In third through fifth grade our eight to ten and eleven year olds act out as they explore their increasingly social world. It can be very difficult to navigate the rough waters of this phase of life; it might be hard for us to remember but trust me, it’s true.

As they move away from the parallel social existence of little kids to the coexistence of older kids they each experience tremendous growth and subsequently tremendous challenges. How do you behave in the midst tremendous challenges?

None of these things should surprise us.   It’s our job to guide each of them by way of compassionate discipline and targeted instruction as they each crave out their own unique developmental pathway through these years. We should not be disappointed that they behave like kids. In fact we should be thrilled. When kids behave like kids it suggests healthy developmental progress, and that’s good.

For that reason I believe it’s critical for parents and educators not to cast our kids as victims or as villains while we work to see them safely through their early years. Our words and actions are more impactful than we may even understand. We must resist any impulse to define any kid by a moment, a situation, or even by what might seem to be a lengthy phase. To many times over the course of my life have I seen the wild, boisterous, or defiant little kid become the responsible, kind, and thoughtful older kid.

We must give our kids space to grow into the incredible people they’re each becoming, we must believe that is in fact what’s happening (even during the most frustrating and extended challenges), we must tap the strength they innately have to be courageous and kind, and with no hesitation or uncertainly we must make each of them know that he or she is unique and remarkable around every turn.

Kids do not have to be victims or villains. If we cast them as such there’s a chance they might think they are. Furthermore, I would argue that if they do it could be a difficult thought to overcome if not developmentally stifling.

My kids, your kids, someone else’s kids…we make this world a better place when we lift them up through the developmental challenges they each inevitably face along the way. More specifically, when we teach them that no person is perfect, but that we are each instead a beautiful and miraculous work in positive progress, we give them the vital gifts of hope and inspiration.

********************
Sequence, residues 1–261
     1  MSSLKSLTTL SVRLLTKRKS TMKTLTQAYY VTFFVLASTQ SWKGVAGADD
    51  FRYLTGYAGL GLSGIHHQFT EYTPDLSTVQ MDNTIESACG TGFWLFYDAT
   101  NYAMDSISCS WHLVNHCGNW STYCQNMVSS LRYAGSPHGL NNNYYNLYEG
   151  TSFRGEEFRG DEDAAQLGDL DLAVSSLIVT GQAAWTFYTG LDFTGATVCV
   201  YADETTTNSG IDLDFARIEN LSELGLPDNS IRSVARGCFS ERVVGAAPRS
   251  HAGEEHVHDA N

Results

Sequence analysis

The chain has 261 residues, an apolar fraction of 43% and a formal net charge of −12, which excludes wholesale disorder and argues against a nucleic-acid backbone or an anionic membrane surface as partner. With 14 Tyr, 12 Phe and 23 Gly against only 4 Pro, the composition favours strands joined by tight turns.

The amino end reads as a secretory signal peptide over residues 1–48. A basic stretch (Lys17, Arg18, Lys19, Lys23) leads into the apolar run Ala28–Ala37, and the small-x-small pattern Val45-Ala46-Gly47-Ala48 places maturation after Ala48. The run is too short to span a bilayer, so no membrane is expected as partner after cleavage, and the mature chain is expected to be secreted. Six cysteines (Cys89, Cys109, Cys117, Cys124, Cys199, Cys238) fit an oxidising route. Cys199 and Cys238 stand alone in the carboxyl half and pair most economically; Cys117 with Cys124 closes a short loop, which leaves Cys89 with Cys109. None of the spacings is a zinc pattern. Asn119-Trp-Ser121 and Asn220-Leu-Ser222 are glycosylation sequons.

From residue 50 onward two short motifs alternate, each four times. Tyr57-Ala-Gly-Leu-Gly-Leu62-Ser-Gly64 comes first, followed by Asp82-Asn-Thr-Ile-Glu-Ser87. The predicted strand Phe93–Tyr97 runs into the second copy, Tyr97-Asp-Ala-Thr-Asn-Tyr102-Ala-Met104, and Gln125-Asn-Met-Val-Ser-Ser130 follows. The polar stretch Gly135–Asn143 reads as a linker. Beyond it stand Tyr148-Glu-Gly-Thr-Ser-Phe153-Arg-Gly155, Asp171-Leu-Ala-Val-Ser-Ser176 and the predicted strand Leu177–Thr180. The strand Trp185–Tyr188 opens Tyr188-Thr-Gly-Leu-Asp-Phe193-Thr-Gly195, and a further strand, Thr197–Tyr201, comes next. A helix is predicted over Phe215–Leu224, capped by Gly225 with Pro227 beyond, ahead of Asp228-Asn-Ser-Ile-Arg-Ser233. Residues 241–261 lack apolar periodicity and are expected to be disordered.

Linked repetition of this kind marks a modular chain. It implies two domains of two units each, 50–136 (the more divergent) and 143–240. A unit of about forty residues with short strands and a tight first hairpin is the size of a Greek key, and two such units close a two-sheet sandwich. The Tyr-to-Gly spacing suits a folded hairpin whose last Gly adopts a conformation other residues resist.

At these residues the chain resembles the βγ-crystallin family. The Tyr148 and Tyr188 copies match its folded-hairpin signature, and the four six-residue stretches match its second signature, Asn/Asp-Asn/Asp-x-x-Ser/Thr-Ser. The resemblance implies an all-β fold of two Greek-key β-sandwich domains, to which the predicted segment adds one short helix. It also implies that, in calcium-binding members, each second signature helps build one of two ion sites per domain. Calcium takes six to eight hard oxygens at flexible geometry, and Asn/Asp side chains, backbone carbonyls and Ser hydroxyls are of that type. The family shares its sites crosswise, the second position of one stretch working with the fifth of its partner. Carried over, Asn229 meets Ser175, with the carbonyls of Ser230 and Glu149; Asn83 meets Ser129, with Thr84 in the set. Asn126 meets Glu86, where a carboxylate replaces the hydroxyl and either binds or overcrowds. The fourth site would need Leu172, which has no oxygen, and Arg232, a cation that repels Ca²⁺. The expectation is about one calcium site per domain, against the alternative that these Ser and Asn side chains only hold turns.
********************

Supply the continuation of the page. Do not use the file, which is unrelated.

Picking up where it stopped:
Live, listen, learn, lead, and always bring your best.



  1. Walt

    I read this the day you posted it and have continued to think about it over the past several days. I greatly appreciate the perspective you share here. I am also a father of four young children, very close in age to yours, and realized as I read your post that I too often have failed to remember my children need time to learn how to act. You are absolutely correct that they are not trying to do something wrong.There have been times when I fail to give them the same grace I allow the middle school students with whom I work, despite the fact that they are so much younger.

    Great post! Thanks again.

    • Seth E. Berg

      Thanks Walt. I was a much better parent before I had the kids, and remembering the nuances of childhood development is one of the most challenging aspects of the job. I’m sure you’re doing great things! I appreciate you reading and providing the thoughtful commentary!

Post a comment

You may use the following HTML:
<a href="" title=""> <abbr title=""> <acronym title=""> <b> <blockquote cite=""> <cite> <code> <del datetime=""> <em> <i> <q cite=""> <s> <strike> <strong>